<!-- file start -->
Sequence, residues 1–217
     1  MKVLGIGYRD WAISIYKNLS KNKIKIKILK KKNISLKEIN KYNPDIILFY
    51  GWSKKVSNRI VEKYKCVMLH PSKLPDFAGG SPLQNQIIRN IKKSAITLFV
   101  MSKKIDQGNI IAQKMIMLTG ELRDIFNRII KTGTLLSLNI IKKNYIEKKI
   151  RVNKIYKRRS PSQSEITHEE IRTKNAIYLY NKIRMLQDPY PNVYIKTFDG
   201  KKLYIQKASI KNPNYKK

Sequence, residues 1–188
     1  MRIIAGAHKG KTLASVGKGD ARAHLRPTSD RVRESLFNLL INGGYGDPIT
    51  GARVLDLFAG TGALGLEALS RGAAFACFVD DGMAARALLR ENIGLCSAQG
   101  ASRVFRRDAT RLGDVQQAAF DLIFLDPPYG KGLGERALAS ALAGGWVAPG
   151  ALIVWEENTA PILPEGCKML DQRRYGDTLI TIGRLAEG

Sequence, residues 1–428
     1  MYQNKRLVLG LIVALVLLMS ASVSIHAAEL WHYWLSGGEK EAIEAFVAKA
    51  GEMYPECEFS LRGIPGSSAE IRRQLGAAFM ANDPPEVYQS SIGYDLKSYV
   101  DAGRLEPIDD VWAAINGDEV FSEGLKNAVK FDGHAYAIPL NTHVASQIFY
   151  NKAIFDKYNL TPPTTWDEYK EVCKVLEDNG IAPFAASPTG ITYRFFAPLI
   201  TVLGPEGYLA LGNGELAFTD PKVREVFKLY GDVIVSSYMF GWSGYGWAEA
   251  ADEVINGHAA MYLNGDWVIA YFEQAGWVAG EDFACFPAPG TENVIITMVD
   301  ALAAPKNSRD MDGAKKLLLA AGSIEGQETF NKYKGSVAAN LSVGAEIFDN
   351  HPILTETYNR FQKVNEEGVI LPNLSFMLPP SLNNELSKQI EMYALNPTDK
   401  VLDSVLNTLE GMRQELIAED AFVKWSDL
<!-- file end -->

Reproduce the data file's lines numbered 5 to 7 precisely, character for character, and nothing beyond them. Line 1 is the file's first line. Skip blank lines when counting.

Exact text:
   151  RVNKIYKRRS PSQSEITHEE IRTKNAIYLY NKIRMLQDPY PNVYIKTFDG
   201  KKLYIQKASI KNPNYKK

Sequence, residues 1–188